Something was not right in the way he sounded. It was like listening to a movie character, the kind you wouldn’t want to hang out with. This was a family member I had known all his life – and yet it wasn’t the same person. What happened next was even worse, as I confronted him with my assessment that he was using.
As a church revitalizer, I’m beginning to see revitalization all throughout Scripture. Nowhere is it more evident in than in the coming of the Messiah. Four hundred years of silence and sameness is suddenly broken when God interrupted the life of a has-been couple, Zechariah and Elizabeth. Then a young teenage girl and her espoused husband Joseph allowed their perfect wedding plans to be trashed.
Revitalization. Seems there is always a new buzz word that’s coming down the pike, but this one is long overdue. Revival is a word that may be worn out by time and history, so revitalization is taking its place.
Maybe it’s for good reason. With so much mission drift, churches today know that it’s going to take more than a week of meetings to fix the systemic problems that plague us. Some estimate 1000 days and major course adjustments are required to truly turn a church around.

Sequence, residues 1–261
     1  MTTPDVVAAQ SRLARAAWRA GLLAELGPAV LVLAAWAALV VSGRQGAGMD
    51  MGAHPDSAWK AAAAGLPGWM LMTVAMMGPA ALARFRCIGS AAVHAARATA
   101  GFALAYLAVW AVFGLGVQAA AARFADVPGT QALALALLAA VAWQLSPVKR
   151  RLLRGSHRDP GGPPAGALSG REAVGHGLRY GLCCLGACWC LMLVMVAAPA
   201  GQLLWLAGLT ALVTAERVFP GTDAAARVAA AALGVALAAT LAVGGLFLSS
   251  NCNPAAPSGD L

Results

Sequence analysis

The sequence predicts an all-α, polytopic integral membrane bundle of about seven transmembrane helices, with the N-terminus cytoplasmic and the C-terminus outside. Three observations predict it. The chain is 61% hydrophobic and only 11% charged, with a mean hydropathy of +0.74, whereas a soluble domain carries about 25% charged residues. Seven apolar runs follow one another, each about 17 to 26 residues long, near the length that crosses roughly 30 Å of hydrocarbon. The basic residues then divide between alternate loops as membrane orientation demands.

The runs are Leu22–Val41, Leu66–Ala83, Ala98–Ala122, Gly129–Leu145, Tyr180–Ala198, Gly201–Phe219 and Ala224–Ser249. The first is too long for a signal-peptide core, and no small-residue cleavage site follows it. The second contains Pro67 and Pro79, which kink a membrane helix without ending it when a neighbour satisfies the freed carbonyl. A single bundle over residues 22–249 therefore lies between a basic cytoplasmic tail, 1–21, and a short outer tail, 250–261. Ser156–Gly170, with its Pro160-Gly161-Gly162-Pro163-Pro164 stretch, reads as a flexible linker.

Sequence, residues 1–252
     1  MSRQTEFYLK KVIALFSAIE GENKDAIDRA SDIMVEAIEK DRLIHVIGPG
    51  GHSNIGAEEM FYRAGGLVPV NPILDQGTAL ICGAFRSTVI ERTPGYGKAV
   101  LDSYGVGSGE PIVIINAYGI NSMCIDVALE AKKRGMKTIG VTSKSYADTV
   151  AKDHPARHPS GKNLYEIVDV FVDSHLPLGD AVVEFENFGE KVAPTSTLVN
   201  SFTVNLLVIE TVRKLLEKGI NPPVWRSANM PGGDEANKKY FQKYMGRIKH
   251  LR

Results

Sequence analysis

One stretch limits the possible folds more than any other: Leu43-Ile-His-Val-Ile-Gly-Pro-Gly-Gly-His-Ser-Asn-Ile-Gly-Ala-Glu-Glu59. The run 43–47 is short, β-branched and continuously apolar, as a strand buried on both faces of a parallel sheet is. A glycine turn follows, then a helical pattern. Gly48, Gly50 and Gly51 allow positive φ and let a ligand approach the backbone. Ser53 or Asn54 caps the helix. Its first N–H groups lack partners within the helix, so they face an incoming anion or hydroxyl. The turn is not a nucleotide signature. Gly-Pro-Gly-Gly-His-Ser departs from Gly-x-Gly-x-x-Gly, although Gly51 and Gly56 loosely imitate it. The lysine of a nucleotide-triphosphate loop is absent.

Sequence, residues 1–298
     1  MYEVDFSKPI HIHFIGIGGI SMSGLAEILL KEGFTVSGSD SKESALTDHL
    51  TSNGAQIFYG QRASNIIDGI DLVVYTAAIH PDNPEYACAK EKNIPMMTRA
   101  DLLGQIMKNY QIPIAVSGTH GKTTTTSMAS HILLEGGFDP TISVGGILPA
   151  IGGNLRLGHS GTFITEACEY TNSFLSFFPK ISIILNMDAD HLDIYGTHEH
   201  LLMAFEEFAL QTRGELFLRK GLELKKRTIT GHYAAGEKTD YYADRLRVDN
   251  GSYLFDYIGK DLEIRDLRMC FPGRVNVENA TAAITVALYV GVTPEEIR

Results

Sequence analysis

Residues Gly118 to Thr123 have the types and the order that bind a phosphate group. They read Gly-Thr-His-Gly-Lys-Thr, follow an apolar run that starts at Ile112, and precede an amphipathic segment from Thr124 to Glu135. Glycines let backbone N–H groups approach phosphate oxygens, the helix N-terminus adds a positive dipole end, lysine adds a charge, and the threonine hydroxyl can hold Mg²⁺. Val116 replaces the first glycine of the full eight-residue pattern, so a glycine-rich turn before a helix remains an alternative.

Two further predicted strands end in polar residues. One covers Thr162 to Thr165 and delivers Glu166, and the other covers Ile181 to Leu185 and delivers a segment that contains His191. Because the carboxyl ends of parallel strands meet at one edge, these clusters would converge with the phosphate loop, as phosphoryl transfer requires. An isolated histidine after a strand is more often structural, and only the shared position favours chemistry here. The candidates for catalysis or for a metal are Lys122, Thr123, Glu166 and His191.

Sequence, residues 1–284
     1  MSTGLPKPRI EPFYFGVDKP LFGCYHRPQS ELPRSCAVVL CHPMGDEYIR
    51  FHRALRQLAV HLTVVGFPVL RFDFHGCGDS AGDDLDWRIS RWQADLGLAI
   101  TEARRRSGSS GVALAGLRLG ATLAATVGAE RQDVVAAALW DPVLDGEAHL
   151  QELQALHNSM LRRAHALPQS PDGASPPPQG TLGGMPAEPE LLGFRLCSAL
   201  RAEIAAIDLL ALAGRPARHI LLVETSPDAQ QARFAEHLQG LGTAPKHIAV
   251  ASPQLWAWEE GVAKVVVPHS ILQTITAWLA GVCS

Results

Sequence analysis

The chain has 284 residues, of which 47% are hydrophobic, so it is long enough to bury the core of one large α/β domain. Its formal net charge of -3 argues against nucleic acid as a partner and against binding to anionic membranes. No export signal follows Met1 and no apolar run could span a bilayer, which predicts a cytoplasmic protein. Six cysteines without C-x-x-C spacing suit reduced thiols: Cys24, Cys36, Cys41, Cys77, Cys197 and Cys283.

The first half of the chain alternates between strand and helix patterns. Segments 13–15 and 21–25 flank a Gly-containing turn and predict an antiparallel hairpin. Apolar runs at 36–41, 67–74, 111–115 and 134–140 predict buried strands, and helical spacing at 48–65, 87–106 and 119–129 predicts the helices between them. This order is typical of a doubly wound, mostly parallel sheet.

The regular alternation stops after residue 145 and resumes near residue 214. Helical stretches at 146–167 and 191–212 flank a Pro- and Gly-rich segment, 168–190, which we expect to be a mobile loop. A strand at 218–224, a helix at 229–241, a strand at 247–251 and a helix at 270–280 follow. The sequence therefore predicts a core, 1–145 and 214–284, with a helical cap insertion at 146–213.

New England is a mission field, and it’s important that we not forget it. We rank at the top or national surveys for the least churched and most biblically illiterate region in the nation. I tell people often that we must think like missionaries because the prevalent culture around us is post-Christian. That’s why one of our primary objectives is to reintroduce this culture to the Gospel. As with any mission work with an unreached people group, you need missionaries (either homegrown or transplanted) to go and share Christ in faithfully. Praying, sending and funding missionaries is an ancient practice of the church and is vital to any mission endeavor. Why give to New England Missions Emphasis? Because missions is God’s means of making Christ known to this generation.